I am always on the hunt for a good project. I found this one in a flea market on a recent trip with my mom. It was covered in trinkets and sat in the back corner so I am surprised I noticed it. I checked the tag and lo and behold, it was only $40!
My mom and I marveled at it for a moment. At second glance, you could tell it needed a little work. I loved the color, but I think it was a little too banged up to try to save the finish. Perhaps a little more sanding could have rescued the wood, but then I wouldn’t have the chance to do something super fun… chalk paint, of course!
When I got the dresser home and took it apart, I saw that this unit might be best as a buffet or sideboard. I think that if it wasn’t the original purpose, why can’t it be now?
It was pretty marred. Many a wet glass had been rested on top. It was dented and scraped all over. I decided to go with a less polished finish and leave perfection for another day. This one might lose character without her beauty marks anyway!
I used a little Murphy’s Oil Soap in water to scrub the top. Layer after layer of finish and grease came from the surface. As I scrubbed though, it became more smooth and I could begin to see the life return.
I rinsed the soapy residue from the wood and let it air dry in the heat. A ninety degree day will make me wish it was winter but will dry damp wood in no time!
I grabbed a hammer and a few finish nails to repair a few places where the drawers were coming apart. I could see that someone had even already done this in a few places. This old girl had obviously been through her days!
After the pieces were completely dry, I grabbed a medium grit sandpaper and buffed the surface of the wood. There were a few places where the grooves were pretty deep and since I wasn’t going for perfect, I just lightly sanded them and skipped filling the grooves.
Since I used the afore-mentioned chalk paint, I didn’t prime prior to painting. I used a 2.5″ brush and took my time to get it into the cracks and crevices. There is one more thing that might not be advisable by chalk painting experts, but I find it a good way to add effect…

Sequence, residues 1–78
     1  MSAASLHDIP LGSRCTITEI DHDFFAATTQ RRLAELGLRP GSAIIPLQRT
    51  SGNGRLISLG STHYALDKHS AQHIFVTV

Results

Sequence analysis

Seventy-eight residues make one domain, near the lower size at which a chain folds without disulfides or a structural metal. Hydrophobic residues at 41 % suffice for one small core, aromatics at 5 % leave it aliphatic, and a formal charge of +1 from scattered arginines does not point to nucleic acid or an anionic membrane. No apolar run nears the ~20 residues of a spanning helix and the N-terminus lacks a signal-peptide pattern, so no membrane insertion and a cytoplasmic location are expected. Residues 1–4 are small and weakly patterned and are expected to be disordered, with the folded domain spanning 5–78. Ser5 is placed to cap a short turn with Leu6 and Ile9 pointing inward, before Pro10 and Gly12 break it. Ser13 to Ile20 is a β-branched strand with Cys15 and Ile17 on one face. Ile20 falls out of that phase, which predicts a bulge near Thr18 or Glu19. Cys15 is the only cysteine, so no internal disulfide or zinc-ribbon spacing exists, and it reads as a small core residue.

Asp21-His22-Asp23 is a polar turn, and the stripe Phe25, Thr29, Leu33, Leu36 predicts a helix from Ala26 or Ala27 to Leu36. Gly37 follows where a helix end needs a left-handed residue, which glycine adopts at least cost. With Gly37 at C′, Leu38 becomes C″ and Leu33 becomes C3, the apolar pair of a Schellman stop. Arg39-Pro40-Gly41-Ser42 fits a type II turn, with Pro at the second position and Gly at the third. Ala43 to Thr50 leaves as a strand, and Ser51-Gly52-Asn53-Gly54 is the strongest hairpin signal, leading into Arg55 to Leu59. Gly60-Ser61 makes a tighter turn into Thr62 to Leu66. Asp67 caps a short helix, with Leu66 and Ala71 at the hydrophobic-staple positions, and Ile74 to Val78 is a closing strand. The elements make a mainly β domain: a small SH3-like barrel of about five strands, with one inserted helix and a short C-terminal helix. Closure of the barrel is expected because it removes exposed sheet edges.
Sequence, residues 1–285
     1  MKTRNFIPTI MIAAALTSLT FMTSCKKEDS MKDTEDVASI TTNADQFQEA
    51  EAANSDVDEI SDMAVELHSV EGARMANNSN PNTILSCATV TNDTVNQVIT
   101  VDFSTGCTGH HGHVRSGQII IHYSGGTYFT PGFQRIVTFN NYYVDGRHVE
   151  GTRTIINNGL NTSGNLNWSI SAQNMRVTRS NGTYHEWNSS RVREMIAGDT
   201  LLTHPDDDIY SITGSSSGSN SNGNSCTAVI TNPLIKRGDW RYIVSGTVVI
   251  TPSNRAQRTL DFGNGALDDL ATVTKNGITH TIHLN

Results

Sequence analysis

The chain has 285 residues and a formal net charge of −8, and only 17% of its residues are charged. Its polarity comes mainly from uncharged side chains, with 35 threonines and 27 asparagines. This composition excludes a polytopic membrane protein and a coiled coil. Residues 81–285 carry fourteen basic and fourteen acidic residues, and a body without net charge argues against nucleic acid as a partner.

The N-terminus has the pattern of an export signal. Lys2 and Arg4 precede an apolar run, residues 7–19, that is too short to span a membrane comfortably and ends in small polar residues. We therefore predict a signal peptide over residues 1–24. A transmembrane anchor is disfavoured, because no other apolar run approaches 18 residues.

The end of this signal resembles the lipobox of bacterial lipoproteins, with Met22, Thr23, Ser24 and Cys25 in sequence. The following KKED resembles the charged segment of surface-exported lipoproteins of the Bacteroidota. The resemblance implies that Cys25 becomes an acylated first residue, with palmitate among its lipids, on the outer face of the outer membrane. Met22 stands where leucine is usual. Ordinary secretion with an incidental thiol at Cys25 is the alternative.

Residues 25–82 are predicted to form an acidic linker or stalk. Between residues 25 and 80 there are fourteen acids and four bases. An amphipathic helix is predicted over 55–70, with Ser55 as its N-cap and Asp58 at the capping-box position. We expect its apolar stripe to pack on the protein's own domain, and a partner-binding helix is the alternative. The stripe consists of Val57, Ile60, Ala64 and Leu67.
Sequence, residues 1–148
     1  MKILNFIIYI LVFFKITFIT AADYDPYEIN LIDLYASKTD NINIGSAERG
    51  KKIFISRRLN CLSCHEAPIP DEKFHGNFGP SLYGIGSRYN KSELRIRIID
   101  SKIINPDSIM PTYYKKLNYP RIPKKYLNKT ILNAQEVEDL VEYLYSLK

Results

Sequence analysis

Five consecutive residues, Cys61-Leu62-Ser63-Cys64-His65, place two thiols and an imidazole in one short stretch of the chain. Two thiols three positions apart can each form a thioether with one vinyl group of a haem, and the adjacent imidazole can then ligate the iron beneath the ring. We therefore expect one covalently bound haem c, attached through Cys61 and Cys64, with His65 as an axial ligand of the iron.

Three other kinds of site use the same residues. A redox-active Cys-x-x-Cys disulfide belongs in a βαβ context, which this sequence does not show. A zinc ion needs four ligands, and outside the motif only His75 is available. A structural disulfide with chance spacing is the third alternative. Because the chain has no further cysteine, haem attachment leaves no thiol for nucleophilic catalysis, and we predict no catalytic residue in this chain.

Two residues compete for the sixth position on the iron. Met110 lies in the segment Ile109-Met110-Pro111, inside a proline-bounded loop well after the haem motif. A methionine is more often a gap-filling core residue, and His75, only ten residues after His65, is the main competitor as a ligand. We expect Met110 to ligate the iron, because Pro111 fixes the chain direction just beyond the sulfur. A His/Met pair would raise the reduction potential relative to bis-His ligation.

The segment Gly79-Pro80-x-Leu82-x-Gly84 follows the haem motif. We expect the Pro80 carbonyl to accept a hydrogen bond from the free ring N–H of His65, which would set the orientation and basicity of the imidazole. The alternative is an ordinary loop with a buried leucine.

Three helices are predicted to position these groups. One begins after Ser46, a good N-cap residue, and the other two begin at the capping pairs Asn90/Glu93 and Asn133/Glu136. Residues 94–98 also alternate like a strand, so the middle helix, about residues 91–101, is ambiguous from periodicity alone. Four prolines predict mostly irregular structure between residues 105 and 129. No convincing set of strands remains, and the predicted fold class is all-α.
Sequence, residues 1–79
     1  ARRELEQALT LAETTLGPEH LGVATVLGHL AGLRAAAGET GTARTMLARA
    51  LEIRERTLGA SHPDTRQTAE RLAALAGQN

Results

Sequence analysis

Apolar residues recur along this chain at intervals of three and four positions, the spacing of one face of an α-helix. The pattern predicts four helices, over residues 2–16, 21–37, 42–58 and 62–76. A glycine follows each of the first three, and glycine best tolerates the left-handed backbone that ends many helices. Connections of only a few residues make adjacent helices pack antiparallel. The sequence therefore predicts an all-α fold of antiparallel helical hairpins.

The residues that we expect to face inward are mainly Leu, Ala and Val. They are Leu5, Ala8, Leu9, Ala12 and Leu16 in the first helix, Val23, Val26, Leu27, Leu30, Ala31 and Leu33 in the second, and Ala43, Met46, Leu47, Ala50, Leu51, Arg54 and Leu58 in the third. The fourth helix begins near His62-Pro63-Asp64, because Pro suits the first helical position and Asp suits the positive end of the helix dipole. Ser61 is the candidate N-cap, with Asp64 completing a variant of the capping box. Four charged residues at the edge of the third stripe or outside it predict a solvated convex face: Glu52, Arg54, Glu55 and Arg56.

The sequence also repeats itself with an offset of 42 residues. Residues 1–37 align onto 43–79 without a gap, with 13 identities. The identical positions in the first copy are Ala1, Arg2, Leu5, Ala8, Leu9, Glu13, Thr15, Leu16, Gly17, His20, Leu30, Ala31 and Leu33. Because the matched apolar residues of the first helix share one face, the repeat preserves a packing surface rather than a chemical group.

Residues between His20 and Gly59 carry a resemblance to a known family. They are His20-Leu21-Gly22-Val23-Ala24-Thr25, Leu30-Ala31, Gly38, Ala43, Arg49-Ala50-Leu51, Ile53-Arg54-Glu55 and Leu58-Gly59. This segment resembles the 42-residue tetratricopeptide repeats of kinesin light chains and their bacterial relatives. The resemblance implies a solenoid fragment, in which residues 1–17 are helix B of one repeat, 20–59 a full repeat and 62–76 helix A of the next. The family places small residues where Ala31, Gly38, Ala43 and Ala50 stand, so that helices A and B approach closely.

I painted in the heat so that the chalk paint would crack. Since the wood was in such rough shape, I thought that it might be better to leave the cabinet looking a little worn with the time it had so obviously seen.
By painting in the heat, there are places where the paint split in hairline fractures because it dried so quickly. I used only one coat of paint and touched it up with a second coat where it seemed necessary. The only exception to that was the top. I used a full second coat on the top because of how worn it looked.
After the paint was fully dry, I broke out the clear wax. I brushed it into the painted finish and it deepened the color only slightly. I love the smell of this wax! It smells like a finished project to me! I advise waxing outdoors though, it smells strong enough to make you have a headache without proper ventilation.
The last step of the project was to add the hardware. I placed the original hardware and added my own special touch. Although I loved the patina of the old hardware, I wanted to see a little sparkle.
I sprayed a tiny bit of Rustoleum copper spray paint into a shallow dish and lightly wiped it onto the hardware. I didn’t want it to be entirely sprayed and I find this technique to give me just the touch I desire.
After the hardware was on, I took a quick break! I love these projects, especially when they turn out as I planned!
I can’t decide whether I will keep this lady or gift her on to someone else. I don’t really have room for her, but I am glad I found her!
I guess I will hang on to her and see if something comes to me. Until then, I will just enjoy looking at her!